Yesterday, Yahoo announced that back in 2013, approximately 1 billion accounts were hacked, and information about those accounts, including names, hashed passwords, dates of birth, and more were taken. This is on top of the 500 million accounts that they announced last September had been hacked.
First off, Yahoo was using MD5 for hashing passwords. MD5 was shown years ago to be crytographically insecure. I know engineers at Yahoo are pretty smart, but this is pretty dumb.
Second, how do you let 1.5 billion accounts get compromised? Why does Yahoo not take security seriously? In an email to affected accounts, Yahoo said this about what happened:
Law enforcement provided Yahoo in November 2016 with data files that a third party claimed was Yahoo user data. We analyzed this data with the assistance of outside forensic experts and found that it appears to be Yahoo user data. Based on further analysis of this data by the forensic experts, we believe an unauthorized third party, in August 2013, stole data associated with a broader set of user accounts, including yours. We have not been able to identify the intrusion associated with this theft. We believe this incident is likely distinct from the incident we disclosed on September 22, 2016.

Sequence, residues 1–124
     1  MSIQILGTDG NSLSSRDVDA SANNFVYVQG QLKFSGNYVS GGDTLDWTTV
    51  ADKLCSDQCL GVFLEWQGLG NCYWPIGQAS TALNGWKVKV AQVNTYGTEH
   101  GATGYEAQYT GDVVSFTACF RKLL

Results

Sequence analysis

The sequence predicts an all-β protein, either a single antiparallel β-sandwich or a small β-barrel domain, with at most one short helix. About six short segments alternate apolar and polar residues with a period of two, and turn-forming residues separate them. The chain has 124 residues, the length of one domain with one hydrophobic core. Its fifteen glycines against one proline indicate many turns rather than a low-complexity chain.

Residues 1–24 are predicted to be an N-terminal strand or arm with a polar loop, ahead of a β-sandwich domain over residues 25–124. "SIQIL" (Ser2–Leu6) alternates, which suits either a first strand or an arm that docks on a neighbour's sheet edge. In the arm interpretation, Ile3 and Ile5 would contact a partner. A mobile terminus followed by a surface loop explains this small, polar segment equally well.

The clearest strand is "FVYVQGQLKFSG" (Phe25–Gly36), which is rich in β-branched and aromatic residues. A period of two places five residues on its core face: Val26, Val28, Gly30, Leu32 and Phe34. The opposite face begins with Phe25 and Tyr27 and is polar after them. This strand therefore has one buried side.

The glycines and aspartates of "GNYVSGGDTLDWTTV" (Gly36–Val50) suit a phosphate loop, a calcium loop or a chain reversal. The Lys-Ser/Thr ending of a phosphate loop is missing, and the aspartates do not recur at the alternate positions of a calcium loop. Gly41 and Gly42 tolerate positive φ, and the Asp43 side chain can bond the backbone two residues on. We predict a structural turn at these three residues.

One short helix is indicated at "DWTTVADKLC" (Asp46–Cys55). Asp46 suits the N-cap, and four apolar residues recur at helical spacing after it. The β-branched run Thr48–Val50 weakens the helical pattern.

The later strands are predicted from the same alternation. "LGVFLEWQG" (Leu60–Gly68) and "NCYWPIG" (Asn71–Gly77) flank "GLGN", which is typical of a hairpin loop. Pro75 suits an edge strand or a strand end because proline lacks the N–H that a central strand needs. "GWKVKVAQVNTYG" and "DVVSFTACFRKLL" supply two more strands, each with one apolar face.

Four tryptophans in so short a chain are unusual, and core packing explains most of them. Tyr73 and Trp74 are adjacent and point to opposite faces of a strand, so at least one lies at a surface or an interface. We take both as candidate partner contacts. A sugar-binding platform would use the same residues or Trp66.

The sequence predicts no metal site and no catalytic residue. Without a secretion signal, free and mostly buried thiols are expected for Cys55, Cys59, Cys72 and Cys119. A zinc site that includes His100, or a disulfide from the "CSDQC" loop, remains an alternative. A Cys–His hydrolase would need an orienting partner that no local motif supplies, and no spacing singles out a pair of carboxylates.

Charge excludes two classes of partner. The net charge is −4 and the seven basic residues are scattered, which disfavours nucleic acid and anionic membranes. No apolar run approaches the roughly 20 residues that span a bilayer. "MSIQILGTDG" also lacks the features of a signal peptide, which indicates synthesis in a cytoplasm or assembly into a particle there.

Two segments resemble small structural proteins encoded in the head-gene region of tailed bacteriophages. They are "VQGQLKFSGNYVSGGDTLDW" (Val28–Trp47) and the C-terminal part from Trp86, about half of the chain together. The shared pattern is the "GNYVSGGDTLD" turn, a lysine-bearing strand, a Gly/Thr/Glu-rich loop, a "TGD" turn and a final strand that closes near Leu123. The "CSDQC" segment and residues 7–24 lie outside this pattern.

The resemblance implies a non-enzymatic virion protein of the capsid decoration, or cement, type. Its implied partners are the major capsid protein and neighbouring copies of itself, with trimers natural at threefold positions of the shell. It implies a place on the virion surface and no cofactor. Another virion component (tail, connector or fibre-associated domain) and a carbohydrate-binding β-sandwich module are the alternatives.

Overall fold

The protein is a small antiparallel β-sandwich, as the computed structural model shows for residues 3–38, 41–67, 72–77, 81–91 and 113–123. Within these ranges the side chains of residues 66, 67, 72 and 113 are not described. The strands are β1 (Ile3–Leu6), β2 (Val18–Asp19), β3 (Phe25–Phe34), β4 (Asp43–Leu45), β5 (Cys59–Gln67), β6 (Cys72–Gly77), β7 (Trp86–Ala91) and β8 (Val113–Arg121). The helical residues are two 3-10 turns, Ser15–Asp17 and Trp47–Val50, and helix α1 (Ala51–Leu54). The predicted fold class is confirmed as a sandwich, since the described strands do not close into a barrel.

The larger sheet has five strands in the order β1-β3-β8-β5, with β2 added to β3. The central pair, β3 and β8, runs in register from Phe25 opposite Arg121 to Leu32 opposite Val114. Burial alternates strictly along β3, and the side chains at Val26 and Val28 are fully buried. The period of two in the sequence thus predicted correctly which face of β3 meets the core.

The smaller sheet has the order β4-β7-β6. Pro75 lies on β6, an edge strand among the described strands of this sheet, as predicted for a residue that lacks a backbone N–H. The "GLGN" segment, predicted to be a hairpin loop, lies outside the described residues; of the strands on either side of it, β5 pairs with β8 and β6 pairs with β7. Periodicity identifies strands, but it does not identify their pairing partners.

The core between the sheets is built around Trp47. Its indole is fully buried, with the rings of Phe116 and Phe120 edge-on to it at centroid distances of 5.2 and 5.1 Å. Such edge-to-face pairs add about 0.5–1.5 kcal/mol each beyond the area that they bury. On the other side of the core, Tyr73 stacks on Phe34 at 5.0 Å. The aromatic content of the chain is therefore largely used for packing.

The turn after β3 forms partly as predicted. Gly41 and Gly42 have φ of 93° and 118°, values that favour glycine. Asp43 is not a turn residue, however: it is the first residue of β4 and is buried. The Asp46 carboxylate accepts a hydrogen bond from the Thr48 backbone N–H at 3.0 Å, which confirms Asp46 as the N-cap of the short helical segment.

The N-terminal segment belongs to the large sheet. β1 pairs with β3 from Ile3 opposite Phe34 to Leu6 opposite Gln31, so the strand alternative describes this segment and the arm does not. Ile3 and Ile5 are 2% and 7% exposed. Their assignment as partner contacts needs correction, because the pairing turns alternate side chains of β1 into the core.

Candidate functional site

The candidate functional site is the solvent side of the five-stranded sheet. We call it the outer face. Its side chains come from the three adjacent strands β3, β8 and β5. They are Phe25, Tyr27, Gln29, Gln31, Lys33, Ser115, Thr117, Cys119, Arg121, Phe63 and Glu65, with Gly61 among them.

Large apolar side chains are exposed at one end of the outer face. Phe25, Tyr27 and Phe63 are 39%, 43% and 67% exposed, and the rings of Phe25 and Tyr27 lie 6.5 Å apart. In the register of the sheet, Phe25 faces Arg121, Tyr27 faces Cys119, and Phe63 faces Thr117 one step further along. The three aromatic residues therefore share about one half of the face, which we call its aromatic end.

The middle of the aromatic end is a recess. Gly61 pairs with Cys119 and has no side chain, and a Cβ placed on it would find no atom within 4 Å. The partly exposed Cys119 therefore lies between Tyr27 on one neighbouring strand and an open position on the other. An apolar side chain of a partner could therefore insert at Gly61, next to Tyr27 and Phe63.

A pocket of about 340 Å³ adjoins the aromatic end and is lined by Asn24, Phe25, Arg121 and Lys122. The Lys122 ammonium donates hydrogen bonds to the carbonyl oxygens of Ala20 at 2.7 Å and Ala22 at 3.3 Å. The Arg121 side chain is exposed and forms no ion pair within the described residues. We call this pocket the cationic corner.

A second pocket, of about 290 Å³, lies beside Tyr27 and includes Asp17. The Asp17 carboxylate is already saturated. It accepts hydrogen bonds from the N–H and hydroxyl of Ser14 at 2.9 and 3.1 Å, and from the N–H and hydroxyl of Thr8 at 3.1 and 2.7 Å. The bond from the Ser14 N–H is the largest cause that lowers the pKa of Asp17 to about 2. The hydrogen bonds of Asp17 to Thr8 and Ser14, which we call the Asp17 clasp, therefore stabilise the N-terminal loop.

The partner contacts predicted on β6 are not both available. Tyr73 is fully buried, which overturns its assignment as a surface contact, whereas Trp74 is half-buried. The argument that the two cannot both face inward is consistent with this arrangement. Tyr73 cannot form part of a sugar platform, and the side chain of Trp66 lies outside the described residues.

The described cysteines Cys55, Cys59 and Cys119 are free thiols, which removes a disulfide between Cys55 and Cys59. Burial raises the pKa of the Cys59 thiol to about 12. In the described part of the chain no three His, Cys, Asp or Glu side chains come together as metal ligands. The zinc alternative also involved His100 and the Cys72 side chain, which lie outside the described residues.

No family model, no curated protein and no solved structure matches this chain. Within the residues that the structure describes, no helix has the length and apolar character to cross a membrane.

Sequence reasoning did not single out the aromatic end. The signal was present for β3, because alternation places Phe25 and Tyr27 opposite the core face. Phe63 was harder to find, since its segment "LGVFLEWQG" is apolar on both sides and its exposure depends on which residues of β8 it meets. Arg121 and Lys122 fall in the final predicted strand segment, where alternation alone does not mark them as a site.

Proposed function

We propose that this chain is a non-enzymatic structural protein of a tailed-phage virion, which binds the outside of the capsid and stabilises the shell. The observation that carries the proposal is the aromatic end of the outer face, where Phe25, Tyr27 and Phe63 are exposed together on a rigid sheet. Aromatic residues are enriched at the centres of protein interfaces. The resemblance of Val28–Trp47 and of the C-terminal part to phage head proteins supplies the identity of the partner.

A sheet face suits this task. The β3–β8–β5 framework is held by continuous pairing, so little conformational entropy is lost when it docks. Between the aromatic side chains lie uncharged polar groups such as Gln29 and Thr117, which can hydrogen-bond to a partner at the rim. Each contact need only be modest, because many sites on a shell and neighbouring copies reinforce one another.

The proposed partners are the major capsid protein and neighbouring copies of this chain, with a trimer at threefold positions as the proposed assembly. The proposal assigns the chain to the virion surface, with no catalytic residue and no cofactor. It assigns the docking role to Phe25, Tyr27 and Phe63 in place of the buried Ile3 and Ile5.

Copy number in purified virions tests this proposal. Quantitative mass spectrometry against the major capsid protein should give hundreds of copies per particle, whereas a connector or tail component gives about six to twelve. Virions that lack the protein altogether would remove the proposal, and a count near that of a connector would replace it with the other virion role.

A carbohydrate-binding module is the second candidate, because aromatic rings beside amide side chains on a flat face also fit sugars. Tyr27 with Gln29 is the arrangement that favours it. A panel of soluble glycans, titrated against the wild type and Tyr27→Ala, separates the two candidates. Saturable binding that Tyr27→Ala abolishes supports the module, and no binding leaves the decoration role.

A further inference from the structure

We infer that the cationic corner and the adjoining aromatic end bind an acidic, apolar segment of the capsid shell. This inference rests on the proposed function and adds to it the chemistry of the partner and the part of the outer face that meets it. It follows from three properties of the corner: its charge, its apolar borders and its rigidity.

Here’s what’s worrying about the announcement. They can’t seem to find out how it happened. They posted this on a Tumblr (?!) site:
We have not been able to identify the intrusion associated with this theft.
Wow. Seriously? 10,000 employees and you can’t figure out how your systems got hacked, again?
If you have been affected by this or a previous breach at Yahoo, here is my professional advice:
STOP USING YAHOO!
If you are using Yahoo for your main personal email, stop immediately. Use Gmail. Yahoo has shown it does not take security and the safety of your data seriously, so don’t use them. Even if we don’t take into account that Yahoo was scanning emails for content and giving it to US intelligence agencies, it’s not safe.
Change all your Yahoo passwords immediately. Email, Flickr, Fantasy Football, all of it. Now. Stop reading this.
I have a spare email address there I use for signing up for dubious looking sites and other mailing lists, fantasy football, and some other things and I’m changing my password there just the same.
R.I.P. our data.